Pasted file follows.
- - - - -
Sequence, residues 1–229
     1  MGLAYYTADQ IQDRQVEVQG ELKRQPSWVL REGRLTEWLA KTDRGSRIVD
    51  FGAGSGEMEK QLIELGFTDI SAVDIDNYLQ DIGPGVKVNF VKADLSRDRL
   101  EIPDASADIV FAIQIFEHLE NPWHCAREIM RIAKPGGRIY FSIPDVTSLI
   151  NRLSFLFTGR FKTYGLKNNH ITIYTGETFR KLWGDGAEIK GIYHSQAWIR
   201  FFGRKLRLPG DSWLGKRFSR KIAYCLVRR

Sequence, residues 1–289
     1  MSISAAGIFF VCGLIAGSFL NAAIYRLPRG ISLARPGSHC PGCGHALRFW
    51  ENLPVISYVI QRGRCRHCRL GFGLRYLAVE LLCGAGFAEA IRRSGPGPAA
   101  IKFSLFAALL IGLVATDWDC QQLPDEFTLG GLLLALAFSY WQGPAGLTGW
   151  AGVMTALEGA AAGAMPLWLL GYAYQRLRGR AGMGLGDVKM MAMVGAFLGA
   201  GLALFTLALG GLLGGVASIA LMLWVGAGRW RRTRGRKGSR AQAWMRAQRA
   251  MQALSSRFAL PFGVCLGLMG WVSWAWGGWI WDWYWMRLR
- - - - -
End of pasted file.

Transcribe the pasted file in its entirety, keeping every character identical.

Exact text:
Sequence, residues 1–229
     1  MGLAYYTADQ IQDRQVEVQG ELKRQPSWVL REGRLTEWLA KTDRGSRIVD
    51  FGAGSGEMEK QLIELGFTDI SAVDIDNYLQ DIGPGVKVNF VKADLSRDRL
   101  EIPDASADIV FAIQIFEHLE NPWHCAREIM RIAKPGGRIY FSIPDVTSLI
   151  NRLSFLFTGR FKTYGLKNNH ITIYTGETFR KLWGDGAEIK GIYHSQAWIR
   201  FFGRKLRLPG DSWLGKRFSR KIAYCLVRR

Sequence, residues 1–289
     1  MSISAAGIFF VCGLIAGSFL NAAIYRLPRG ISLARPGSHC PGCGHALRFW
    51  ENLPVISYVI QRGRCRHCRL GFGLRYLAVE LLCGAGFAEA IRRSGPGPAA
   101  IKFSLFAALL IGLVATDWDC QQLPDEFTLG GLLLALAFSY WQGPAGLTGW
   151  AGVMTALEGA AAGAMPLWLL GYAYQRLRGR AGMGLGDVKM MAMVGAFLGA
   201  GLALFTLALG GLLGGVASIA LMLWVGAGRW RRTRGRKGSR AQAWMRAQRA
   251  MQALSSRFAL PFGVCLGLMG WVSWAWGGWI WDWYWMRLR